The Bottom Line
- Completely customizable, multi-pane display, with 50+ performance parameters.
- Waterproof, durable, long battery life.
- Comfortable heart rate strap.
- Accurate distance and speed data via the unit's GPS.
- "Premium" features of online Training Peaks cost $19.95/mo. or $119 per year (3, 6 mo. plans also).
- Training Peaks device agent software not available for Mac yet.
- Global Trainer Watch is on the bulky side, at 2.25 x 0.63 inches.
- Price: $249 (without heart rate monitor strap) to $299 with heart rate monitor strap.
- SiRFstarIII GPS chip.
- Rated water-resistant to 50 meters.
- Rechargeable battery: 15 hour life in active GPS mode.
- 20-workout memory with dated summaries for up to 1,000 laps.
- Calorie burn stats.
- Multisport event modes.
- Sync with Training Peaks online software for workout/race storage and analysis.
- Compatible with third-party bike power sensors using ANT+ technology.
- In the box: Global Trainer sports watch, USB download/charge clip with AC adapter, heart rate strap, bike handlebar adapter.
Guide Review - Review: Timex Ironman Global Trainer GPS Sports & Fitness Watch
If you're a multi-sport athlete, it's nice to have a device that you can use for running, cycling, and swimming, and that describes the Timex Ironman Global Trainer. The Global Trainer's multi-pane display may be configured to show the performance stats that are important to you, and you can select and set up an array of training zone alarms for distance, speed, and heart rate. Serious triathletes or cyclists who have bike power meters will find the Global Trainer to be compatible with a range of ANT+ capable power meters.
Like other GPS sports watches, there is no need to use a foot pod stride sensor or in the case of bike use, a wheel sensor to gather speed and distance data when using the Global Trainer, a nice plus.
The Global Trainer has a "navigation" mode that will provide you with your current latitude, longitude, and altitude; the ability to save and list waypoints, and create and store routes, a compass, and a very basic (and not very useful) line-track map. Athletes will find the routes feature most useful, but trail runners may also have use for the compass and navigation features.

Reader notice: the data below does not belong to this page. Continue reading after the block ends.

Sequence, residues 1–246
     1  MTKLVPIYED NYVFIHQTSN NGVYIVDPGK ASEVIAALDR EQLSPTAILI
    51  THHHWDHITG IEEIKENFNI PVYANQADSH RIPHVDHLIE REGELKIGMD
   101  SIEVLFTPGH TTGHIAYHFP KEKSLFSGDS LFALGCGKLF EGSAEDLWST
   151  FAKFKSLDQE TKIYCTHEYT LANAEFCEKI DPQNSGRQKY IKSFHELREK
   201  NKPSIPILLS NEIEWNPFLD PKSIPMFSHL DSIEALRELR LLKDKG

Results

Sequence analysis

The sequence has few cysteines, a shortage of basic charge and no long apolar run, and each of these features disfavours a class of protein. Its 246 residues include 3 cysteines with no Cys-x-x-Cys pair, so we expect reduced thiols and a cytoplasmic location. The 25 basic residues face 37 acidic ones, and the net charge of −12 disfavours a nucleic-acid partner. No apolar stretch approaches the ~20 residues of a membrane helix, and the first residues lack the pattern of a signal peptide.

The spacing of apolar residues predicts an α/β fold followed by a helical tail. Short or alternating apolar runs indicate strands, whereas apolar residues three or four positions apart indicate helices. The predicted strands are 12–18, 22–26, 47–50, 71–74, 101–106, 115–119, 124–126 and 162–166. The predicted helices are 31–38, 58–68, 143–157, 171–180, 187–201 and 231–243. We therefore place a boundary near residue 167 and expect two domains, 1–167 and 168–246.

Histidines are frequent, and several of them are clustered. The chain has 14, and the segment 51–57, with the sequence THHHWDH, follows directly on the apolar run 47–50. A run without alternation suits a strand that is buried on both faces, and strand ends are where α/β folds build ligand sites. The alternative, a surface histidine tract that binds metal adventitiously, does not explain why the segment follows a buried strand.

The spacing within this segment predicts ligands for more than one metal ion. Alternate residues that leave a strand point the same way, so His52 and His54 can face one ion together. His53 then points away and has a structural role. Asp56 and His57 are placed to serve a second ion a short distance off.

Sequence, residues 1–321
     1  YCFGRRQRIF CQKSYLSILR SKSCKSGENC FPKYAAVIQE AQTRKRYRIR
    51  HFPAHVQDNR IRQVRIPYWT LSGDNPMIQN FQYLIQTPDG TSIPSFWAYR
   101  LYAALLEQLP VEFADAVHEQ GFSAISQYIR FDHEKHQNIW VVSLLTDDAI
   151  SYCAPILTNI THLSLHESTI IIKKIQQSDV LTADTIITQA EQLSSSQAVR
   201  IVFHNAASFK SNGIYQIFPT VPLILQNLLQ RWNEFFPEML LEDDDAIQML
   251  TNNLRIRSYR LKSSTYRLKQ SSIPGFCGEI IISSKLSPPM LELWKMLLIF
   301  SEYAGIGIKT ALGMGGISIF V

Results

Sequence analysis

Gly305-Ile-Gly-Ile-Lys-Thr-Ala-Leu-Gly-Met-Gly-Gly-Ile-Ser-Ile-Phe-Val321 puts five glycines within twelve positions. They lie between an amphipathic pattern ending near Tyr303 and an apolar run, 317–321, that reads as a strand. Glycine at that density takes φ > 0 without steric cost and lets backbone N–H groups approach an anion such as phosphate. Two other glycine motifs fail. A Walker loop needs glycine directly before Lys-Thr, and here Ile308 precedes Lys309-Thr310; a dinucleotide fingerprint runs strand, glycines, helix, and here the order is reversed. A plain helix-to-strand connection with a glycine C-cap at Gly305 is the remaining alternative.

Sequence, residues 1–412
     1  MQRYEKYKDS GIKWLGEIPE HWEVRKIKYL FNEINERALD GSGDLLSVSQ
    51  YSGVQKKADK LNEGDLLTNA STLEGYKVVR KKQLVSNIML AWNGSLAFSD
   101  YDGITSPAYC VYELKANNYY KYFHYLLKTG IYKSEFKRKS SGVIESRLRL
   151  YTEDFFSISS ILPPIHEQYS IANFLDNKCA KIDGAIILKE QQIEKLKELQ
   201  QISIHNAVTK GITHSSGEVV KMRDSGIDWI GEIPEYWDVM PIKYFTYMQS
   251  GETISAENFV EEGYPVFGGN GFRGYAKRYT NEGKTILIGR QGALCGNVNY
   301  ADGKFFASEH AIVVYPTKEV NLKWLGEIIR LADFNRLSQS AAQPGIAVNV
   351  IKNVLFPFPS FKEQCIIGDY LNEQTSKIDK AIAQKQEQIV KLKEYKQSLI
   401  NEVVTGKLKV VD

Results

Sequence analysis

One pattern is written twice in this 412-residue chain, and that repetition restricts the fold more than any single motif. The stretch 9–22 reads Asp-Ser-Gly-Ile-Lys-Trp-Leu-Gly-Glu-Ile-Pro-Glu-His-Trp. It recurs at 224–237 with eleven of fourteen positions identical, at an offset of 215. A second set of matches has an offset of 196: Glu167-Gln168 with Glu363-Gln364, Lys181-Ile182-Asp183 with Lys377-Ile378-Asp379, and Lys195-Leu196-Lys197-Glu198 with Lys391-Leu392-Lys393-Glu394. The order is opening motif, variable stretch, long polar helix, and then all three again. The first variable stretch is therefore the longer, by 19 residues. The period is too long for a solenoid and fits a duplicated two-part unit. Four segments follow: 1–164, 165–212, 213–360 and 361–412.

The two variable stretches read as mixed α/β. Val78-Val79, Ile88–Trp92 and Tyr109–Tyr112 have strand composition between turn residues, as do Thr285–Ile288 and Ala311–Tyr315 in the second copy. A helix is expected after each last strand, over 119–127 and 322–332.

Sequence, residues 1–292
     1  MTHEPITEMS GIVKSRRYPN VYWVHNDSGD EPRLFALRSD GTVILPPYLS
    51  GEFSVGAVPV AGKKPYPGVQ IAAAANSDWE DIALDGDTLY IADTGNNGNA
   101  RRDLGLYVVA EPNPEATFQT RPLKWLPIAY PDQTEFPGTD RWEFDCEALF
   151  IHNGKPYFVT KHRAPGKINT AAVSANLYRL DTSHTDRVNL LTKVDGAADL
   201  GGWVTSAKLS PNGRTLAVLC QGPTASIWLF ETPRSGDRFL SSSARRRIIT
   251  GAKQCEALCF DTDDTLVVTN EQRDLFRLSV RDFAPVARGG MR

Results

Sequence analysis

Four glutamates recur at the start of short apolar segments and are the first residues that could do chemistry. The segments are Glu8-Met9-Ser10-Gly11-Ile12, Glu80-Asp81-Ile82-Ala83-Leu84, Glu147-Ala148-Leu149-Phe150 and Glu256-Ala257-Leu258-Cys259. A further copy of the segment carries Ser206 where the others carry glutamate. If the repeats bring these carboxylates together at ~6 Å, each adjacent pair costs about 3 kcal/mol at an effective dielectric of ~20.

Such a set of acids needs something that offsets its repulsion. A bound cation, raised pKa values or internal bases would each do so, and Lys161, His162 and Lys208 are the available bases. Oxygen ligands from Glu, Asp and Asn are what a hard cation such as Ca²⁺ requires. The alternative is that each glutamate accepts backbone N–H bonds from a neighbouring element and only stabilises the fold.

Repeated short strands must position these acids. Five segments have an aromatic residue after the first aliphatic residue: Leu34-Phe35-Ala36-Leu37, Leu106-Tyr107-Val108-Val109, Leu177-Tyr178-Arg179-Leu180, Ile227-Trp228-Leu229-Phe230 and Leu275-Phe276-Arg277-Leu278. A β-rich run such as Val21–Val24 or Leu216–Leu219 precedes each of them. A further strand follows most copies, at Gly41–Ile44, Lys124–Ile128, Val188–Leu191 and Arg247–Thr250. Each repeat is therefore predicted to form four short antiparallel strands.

I used the Global Trainer and its optional wireless heart rate strap for running and cycling workouts. For cycling, I set up the display in a two-pane mode showing heart rate and speed. The display is completely customizable, however, and I used it in a four-pane mode for running. See the links below for the unit's manual, where you can review the full list of more than 50 performance parameters you can measure and display.
Compared to other GPS watches I've tested, the Global Trainer's display is on the dark and hard-to-read side, with small fonts. It does, however, have a backlight button that helps in dark or near-dark light conditions.
The Global Trainer is controlled by seven buttons, and to Timex's credit, I was able to walk through and use most of the functions with just an occasional glance at the manual. That's quite a feat in a watch with so many functions and options.
When you complete a workout, you may store the data on the watch, which stores only 20 workouts. To save your data over the long term, you'll need to upload to Training Peaks online, which is free for very basic data storage and review. To get all of Training Peaks' decent feature set, you'll need to pay $19.95 per month, or purchase a discounted multi-month plan. Ouch. This is especially painful in contrast to Garmin's rich-featured and free Garmin Connect. Connecting to Training Peaks requires that you install "device agent" software on your PC or Mac. As of this review, Mac software was not available, but "coming soon."
The Timex Ironman GPS Global Trainer is an ambitious first entry into the GPS sports watch market for Timex that impresses in some ways, and comes up short in others. Be sure to take a look at all of the options before investing.